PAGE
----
ghetto fabulous

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Alternative forms[edit]


ghetto +‎ fabulous. In sense 2 perhaps influenced and popularized by rapper Mystikal's 1998 hip-hop song and album "Ghetto Fabulous".


ghetto fabulous (comparative more ghetto fabulous, superlative most ghetto fabulous)

  1. (rare, African American Vernacular slang) Authentic, keeping it real.[1]
  2. (slang) Wealthy, but of ghetto roots and ethic.

Usage notes[edit]

  • The term ghetto fabulous is used with a wide range of connotations, as the ghetto ethic may be associated with authenticity, with machismo, with lack of class, with a combination of these, or with other traits. (See the "Quotations" section below for some example's of the term's use.) As a result, the term is perhaps best avoided in contexts where the perceived connotation might not be the one intended.


  • a1999, Tammy B., quoted in Stuart Ewen, All Consuming Images: the politics of style in contemporary culture, Basic Books (1999), ISBN 0465001017, page xxvii,
    I was accepted by these diverse groups through my adolescent years for being Tammy B——, the epitome of ghetto fabulous. . . .
  • 2000, Camika C. Spencer, When All Hell Breaks Loose, St. Martin's Press, ISBN 0312267932, page 69,
    She actually gets most of the ghetto-fabulous clientele, who are either the mistresses of Dallas’s wealthy men or the girlfriends of drug dealers and major hustlers.
  • 2001, Dionne Bennett and Matthew Jordan Smith, Sepia Dreams: A Celebration of Black Achievement Through Words and Images, St. Martin's Press, ISBN 0312278179, page xiii,
    We are rarely born with silver spoons in our mouths, and, despite what some ghetto-fabulous hip-hop videos would have us believe, African-Americans know that even the most successful among us never go from projects to penthouse in the time it takes to sign a contract and cut a record.
  • 2001, Paula L. Woods, Stormy Weather: A Charlotte Justice Novel, W. W. Norton & Company, ISBN 0393020215, pages 120–121,
    At first glance, he would seem perfect for the high-end catalogs my mother studies like the Bible—with that expensive Swiss watch on his wrist, his beautifully knotted silk tie, and a sparkler on his left ring finger some underpaid South African probably sweated blood to excavate. ¶ But it was all wasted, because once he opened his mouth, you might as well have hung a marquee over his head announcing “Ghetto Fabulous,” because that was exactly how the media man of the moment sounded. ¶ “Yo, yo, yo, yo, yo, Kamau, my man!” He laughed heartily, flashing a set of cheaply capped, frighteningly white teeth. “Let the ladies through!”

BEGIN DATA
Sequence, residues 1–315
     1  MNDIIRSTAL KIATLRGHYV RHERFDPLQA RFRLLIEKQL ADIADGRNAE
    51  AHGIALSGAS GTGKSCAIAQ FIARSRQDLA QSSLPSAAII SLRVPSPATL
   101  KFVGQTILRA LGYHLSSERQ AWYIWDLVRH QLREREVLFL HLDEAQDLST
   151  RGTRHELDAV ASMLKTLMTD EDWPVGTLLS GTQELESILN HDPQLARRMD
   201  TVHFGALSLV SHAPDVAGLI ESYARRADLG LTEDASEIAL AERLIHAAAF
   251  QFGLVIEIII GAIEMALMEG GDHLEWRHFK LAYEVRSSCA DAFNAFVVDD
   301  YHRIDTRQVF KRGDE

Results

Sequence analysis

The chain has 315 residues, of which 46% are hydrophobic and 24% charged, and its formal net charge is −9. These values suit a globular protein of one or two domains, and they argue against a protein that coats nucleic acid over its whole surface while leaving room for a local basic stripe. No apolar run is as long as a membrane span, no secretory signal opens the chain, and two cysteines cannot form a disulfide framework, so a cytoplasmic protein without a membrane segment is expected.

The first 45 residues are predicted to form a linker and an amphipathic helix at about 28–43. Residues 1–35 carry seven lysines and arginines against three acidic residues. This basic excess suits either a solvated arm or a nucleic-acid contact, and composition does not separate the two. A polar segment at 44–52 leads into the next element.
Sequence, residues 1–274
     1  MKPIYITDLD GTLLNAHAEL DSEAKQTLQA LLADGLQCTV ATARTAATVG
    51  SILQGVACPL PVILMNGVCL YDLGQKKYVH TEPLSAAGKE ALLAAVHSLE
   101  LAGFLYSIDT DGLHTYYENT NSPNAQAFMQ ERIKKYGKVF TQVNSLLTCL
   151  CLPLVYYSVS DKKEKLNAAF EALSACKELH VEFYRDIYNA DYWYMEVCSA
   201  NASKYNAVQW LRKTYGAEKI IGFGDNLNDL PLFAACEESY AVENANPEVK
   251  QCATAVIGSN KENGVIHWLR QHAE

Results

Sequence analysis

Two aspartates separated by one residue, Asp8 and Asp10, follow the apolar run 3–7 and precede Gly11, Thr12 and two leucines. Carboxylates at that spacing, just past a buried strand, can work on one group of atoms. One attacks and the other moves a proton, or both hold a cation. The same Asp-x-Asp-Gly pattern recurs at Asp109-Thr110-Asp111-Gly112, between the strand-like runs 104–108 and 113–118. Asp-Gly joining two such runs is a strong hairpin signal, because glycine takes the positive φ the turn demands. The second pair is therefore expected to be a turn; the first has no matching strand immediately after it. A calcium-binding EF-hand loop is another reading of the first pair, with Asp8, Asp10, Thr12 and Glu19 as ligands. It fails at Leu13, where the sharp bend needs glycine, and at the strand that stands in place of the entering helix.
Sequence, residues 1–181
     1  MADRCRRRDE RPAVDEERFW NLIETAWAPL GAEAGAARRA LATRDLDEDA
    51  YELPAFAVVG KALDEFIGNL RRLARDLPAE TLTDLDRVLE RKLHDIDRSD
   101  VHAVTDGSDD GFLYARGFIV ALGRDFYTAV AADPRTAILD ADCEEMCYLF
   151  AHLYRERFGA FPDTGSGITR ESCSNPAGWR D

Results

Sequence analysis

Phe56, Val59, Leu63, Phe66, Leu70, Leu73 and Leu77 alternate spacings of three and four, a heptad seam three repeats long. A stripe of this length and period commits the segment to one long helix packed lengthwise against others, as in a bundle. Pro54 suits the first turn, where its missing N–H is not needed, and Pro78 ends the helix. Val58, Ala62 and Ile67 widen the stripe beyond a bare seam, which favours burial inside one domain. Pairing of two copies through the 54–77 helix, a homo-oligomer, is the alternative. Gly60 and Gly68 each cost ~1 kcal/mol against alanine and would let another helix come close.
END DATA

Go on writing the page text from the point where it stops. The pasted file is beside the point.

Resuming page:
• 2001, Glenda Howard, Cita’s World, Kensington Books, ISBN 1583142789, page 36,
    Yours truly, the ghetto-fabulous goddess of music videos, […] was wearing a gorgeous green Gucci dress and some slamming Manolo Blahnik shoes and looked damn good.
  • 2001, Julius A. Young, Jr., A World Through Black Eyes, Xlibris Corporation, ISBN 1401028969, pages 89–90,
    Going from welfare / To Bel-Air / The dream to live ghetto fabulous / To have hundreds under my mattress
  • 2002, Sirena J. Riley, "The Black Beauty Myth", in Daisy Hernández and Bushra Rehman (eds.), Colonize This!: Young Women of Color on Today’s Feminism, Seal Press, ISBN 1580050670, page 366,
    Being ghetto-fabulous is all about going from rags to riches. It includes having the money, house(s), car(s), clothes, and throngs of high-maintenance women at your disposal. […] ¶ Overweight women of color aren’t included in these videos because they aren’t seen as ghetto-fabulous, just ghetto.
  • 2002, J. Randy Taraborrelli, Madonna: An Intimate Biography, Simon and Schuster, ISBN 0743228804, page 329,
    Just as she plugged into the electronic scene for the music, for the video Madonna would shamelessly imitate the notion of “Ghetto Fabulous”—an over-the-top look popularized by East Coast rap and urban music stars like Sean “Puffy” Combs, […]
  • 2002, Mark Anthony Neal, Soul Babies: Black Popular Culture and the Post-soul Aesthetic, Routledge, ISBN 0415926572, pages 175–176,
    I spent my high school years deflecting charges that I was an “oreo” and a “wannabe”—fitting charges, I guess, against someone who had eschewed the more ghetto-fabulous styles of Adidas hard shells, colored Lee jeans, Le Tigre knit shirts (that ghetto fabulous stand-in for Izod Lacoste), and, of course, the requisite Kangol headgear. I favored Sperry Topsiders, patched and faded jeans, and pink crewneck sweaters. ¶ […] I was haunted by the concern of whether I would continue to be perceived as authentically “black” to my crew of boyhood friends. I was faced with the quandary that many black young people face when their identities are torn between the need to “keep it real” and the desire to be themselves.
  • 2007 September 30, Orlando Patterson, “Jena, O. J. and the Jailing of Black America”, in The New York Times, 30 September 2007, op-ed,
    The circumstances that far too many African-Americans face — the lack of paternal support and discipline; […]; the ghetto-fabulous culture of the streets; […] — all interact perversely with the prison system […]


  1. ^ "Ghetto fabulous" in Geneva Smitherman, Black Talk: Words and Phrases from the Hood to the Amen Corner, Houghton Mifflin Books (2000), ISBN 0395969190, page 145: "Describes a person or thing that is authentic, the height of something, according to the authentic, natural, ‘keepin-it-real’ standards of Blackness that are believed to exist in ghetto communities. Also ghetto fab."